2020 Exercise in Inorganic Chemistry I

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Academic unit or major
Undergraduate major in Chemistry
Maeda Kazuhiko  Tamaki Yusuke  Sekine Akiko  Harada Makoto  Ohtsu Hiroyoshi  Takayama Tomoaki 
Class Format
Exercise    (ZOOM)
Media-enhanced courses
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Course description and aims

The course focuses on fundamental principles and theories of inorganic chemistry with regard to chemical bondings, structures, properties and reactivities. The aim of this exercise class is to understand properties of elements and their compounds (e.g., chemical bonds, physical property, and reactivity) by focusing on electronic structures of atoms and molecules.
The first 1-4 sections deal with fundamentals of inorganic chemistry, and the latter sections cover materials and phenomena that are familiar with us.

Student learning outcomes

At the end of this course, students will be able to:
(1) explain/understand properties of elements and ions, based on the periodic table of the elements.
(2) explain reactivity of chemical species and stability of compounds.
(3) explain chemical bonds that consist of various materials.
trough exercise problems.


Materials science, chemical bonding theory, physical property theory, solid state chemistry, acid and base, electrochemistry

Competencies that will be developed

Specialist skills Intercultural skills Communication skills Critical thinking skills Practical and/or problem-solving skills

Class flow

Students are given exercise problems in each class, which should be submitted as a report before starting a class. It is also requested that students should answer exercise problems using a black board during each class. Stuendts are required to leran outside of the classroom for preparation and review purposes under the instructor's guidance.

Course schedule/Required learning

  Course schedule Required learning
Class 1 Review of fundamentals in Basic Inorganic Chemistry Solve and review exercise problems in all chapters of Basic Inorganic Chemistry.
Class 2 The periodic table and atomic properties Explain changes in ionization energy and electron affinity on the periodic table of the elements, based on the correlation between atomic orbital and potential energy.
Class 3 Covalent bondings and molecular structure Explain bonding properties of p-block elements, based on electronic configuration and electronegativity.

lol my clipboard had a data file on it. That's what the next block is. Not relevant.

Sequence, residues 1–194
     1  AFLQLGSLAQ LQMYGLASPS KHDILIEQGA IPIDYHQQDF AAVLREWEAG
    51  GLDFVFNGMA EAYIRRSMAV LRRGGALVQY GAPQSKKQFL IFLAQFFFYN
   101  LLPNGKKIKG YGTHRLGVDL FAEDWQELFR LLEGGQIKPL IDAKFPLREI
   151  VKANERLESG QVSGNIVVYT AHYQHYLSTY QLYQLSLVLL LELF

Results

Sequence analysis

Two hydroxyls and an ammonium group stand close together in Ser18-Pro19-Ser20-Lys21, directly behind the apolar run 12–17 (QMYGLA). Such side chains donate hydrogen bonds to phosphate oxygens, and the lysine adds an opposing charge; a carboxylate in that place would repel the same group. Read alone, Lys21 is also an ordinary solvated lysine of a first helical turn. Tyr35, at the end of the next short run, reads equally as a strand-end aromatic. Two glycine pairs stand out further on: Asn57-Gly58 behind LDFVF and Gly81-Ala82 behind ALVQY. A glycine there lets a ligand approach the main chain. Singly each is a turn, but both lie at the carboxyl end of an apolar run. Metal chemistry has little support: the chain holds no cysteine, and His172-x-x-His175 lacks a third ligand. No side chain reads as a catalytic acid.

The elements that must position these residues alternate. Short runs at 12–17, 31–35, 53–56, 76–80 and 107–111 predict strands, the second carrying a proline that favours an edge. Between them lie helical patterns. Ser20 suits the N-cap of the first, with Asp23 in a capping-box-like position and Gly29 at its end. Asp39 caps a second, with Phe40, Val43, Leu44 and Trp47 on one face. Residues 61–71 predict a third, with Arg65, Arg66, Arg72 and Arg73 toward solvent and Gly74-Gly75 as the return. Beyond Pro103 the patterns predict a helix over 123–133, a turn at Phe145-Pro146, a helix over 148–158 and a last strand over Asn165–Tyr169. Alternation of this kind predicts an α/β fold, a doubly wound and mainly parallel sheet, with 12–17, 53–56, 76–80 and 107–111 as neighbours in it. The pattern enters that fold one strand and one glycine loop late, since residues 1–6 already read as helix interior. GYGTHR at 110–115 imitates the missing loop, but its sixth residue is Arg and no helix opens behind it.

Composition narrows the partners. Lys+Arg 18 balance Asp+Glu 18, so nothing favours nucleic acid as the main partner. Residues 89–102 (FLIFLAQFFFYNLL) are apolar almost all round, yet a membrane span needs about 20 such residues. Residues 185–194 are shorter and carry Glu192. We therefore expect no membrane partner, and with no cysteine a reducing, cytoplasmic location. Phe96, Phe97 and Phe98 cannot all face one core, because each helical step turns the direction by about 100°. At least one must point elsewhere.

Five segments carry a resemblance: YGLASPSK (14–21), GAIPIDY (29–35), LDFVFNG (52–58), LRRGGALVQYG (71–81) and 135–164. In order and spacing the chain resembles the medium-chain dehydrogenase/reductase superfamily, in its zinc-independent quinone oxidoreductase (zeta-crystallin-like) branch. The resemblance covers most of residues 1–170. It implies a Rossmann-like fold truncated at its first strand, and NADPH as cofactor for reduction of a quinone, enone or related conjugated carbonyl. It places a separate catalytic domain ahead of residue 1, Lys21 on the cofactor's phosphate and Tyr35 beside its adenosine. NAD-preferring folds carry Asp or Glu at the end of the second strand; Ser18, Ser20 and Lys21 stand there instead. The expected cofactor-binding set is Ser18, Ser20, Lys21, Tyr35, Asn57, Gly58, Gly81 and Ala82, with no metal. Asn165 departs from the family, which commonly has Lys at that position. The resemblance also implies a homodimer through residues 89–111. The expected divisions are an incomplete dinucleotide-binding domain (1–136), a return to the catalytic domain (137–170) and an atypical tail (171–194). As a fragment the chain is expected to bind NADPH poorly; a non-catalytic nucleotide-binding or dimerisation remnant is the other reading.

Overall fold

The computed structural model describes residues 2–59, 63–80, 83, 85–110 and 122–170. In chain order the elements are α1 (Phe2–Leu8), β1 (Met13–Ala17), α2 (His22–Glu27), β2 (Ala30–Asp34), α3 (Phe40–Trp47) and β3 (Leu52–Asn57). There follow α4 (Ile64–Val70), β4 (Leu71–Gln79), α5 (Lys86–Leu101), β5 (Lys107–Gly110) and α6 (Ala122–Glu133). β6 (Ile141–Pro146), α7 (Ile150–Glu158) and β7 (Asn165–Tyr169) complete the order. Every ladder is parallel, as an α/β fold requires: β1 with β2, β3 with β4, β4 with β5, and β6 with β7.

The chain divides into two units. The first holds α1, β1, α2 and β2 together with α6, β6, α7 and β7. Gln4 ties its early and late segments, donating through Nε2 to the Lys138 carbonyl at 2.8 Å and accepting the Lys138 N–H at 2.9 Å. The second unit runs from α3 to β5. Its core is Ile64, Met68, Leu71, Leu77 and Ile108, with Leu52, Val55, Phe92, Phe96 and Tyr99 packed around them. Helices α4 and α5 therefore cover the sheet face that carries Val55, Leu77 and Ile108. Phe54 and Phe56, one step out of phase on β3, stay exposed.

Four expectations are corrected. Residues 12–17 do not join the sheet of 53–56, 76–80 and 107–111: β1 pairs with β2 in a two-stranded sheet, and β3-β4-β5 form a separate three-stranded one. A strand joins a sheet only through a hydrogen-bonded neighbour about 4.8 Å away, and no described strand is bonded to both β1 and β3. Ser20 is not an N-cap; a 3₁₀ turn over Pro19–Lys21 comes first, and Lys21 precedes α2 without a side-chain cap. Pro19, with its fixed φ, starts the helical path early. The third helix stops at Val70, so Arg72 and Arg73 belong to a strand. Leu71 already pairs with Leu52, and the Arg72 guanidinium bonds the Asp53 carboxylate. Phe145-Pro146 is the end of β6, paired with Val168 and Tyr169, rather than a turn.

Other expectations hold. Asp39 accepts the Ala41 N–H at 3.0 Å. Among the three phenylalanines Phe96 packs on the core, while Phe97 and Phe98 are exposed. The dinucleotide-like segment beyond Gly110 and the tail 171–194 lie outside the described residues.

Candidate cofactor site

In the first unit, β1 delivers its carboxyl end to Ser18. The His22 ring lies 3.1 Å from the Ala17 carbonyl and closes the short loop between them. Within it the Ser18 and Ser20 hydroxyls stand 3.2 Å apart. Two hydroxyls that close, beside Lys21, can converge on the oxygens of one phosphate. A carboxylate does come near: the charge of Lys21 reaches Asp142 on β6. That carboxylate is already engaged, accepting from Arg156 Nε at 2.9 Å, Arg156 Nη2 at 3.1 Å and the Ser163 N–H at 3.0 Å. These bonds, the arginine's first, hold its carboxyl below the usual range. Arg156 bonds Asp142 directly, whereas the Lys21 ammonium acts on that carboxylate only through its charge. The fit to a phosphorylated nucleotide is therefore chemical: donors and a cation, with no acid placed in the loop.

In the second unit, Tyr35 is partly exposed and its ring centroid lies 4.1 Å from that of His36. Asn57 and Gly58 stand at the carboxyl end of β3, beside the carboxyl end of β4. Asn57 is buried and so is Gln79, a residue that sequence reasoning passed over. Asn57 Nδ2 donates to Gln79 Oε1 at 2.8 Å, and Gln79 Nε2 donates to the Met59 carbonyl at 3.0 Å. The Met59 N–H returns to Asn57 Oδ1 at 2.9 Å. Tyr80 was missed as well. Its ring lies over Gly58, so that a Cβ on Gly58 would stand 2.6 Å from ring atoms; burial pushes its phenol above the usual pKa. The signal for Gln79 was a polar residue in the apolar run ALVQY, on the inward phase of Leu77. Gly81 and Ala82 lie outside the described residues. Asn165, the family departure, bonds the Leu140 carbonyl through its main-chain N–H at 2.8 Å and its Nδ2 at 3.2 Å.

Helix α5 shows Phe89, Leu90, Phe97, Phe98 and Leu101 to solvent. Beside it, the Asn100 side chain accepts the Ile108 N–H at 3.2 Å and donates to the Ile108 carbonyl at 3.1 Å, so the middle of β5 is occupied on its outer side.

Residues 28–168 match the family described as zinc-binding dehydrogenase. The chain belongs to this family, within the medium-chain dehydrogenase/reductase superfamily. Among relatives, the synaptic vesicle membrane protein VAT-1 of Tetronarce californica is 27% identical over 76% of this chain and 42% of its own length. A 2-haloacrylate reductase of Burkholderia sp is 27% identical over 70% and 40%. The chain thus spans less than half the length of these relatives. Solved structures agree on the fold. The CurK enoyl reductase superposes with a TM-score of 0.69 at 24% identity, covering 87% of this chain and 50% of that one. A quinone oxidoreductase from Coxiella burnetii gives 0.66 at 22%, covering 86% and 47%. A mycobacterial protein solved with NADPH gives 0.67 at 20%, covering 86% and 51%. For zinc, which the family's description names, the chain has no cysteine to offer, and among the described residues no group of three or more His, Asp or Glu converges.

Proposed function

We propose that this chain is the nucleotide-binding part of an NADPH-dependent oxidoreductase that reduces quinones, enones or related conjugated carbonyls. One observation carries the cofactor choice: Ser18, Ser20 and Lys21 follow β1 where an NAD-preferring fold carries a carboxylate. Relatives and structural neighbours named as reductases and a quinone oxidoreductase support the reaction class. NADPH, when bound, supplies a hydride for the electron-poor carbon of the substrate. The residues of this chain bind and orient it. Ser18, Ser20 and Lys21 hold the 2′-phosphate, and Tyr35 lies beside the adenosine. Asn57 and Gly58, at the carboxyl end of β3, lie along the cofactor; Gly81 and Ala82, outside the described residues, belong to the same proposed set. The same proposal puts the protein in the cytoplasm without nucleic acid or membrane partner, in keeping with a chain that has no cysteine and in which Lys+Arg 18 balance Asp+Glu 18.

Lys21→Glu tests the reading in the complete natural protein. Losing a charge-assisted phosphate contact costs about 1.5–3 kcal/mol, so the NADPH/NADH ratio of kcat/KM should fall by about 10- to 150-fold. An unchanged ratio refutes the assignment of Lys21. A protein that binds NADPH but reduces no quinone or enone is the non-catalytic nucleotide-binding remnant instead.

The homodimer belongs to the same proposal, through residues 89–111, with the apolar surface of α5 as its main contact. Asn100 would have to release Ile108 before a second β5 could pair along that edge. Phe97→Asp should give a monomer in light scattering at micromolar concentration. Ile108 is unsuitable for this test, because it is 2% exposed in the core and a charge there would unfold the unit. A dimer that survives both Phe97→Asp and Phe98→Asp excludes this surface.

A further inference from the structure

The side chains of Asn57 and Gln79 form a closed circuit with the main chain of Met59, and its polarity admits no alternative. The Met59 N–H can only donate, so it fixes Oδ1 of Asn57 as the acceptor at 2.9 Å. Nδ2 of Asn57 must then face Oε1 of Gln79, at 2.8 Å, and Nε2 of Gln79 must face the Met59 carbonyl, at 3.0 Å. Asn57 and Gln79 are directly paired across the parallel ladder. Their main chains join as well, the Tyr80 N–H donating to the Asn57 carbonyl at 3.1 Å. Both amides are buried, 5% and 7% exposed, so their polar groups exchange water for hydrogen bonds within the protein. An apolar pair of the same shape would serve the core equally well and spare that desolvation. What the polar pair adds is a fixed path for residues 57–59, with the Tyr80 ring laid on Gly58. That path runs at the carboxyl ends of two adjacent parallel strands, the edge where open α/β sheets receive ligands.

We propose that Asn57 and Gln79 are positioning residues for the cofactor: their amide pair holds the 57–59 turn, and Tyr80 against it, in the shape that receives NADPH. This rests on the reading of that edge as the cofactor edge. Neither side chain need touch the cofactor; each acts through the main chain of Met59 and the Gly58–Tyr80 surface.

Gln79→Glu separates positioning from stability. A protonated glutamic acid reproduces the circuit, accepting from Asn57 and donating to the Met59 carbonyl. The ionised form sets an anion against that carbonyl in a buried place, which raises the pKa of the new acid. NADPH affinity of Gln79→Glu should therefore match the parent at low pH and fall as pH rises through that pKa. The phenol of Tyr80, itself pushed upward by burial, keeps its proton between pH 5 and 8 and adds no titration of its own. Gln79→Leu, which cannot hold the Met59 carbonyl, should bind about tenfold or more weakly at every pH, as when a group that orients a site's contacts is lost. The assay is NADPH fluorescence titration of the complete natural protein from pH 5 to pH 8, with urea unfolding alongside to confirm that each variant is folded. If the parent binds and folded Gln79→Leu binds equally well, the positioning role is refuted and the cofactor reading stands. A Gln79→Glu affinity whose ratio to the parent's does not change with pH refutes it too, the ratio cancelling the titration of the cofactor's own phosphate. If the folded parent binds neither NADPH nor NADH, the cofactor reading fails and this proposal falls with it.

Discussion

Class 4 Molecular orbital theory and coordination chemistry Draw a diagram of molecular orbitals of diatomic molecules. Explain the corrections among bond order, bond length, and bond enthalpy.
Class 5 Inorganic solids and optical properties Explain optical properties of inorganic solids on the basis of understanding of their band diagrams and redox potentials.
Class 6 Acid and base Explain factors that govern Brønsted acidity, and do quantitative calculation. Explain factors that govern Lewis acidity, and the reactivity.
Class 7 Electrochemistry and fuel cells Explain chemical reactions in terms of Gibbs energy change using fuel cell as an example. Explain the arrangement of crystal plains of a platinum nanoparticle catalyst and its surface atomic numbers from the viewpoint of crystallography.

Out-of-Class Study Time (Preparation and Review)

To enhance effective learning, students are encouraged to spend approximately 100 minutes preparing for class and another 100 minutes reviewing class content afterwards (including assignments) for each class.
They should do so by referring to textbooks and other course material.


Textbook is distributed by the instructor.

Reference books, course materials, etc.

Shriver-Atkins, Mukikagaku(Jo) The 6th edition, Tokyo Kagakudojin
Katsuhiko Miyoshi, "Hajimetemanabudaigakunomukikagaku" Kagakudojin

Assessment criteria and methods

Students' course scores are based on exercise problems.

Related courses

  • CHM.B201 : Inorganic Chemistry I
  • CHM.B301 : Inorganic Chemistry II
  • CHM.B202 : Basic Analytical Chemistry
  • CHM.B331 : Quantitative Chemical Analysis
  • CHM.B335 : Chemistry of Solids
  • LAS.C101 : Basic Inorganic Chemistry

Prerequisites (i.e., required knowledge, skills, courses, etc.)

No prerequisites are necessary, but it is desirable to have acquired the Basic Inorganic Chemistry (LAS.C101).

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